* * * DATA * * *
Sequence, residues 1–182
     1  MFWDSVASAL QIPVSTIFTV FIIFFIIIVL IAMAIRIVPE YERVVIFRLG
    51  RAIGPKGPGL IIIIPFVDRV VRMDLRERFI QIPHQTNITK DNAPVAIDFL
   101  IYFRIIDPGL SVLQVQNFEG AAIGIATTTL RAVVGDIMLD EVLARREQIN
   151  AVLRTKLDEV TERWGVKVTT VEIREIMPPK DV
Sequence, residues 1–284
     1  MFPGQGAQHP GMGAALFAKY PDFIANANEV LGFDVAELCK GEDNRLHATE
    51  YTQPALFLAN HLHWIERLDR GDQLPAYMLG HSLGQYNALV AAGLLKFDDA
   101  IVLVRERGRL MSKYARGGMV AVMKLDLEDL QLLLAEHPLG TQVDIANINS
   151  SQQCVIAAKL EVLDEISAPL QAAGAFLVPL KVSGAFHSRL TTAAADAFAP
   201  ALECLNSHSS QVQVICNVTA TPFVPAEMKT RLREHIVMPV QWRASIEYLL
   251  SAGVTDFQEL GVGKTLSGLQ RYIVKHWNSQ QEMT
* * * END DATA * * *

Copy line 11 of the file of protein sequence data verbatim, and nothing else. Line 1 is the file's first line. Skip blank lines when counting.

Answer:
   201  ALECLNSHSS QVQVICNVTA TPFVPAEMKT RLREHIVMPV QWRASIEYLL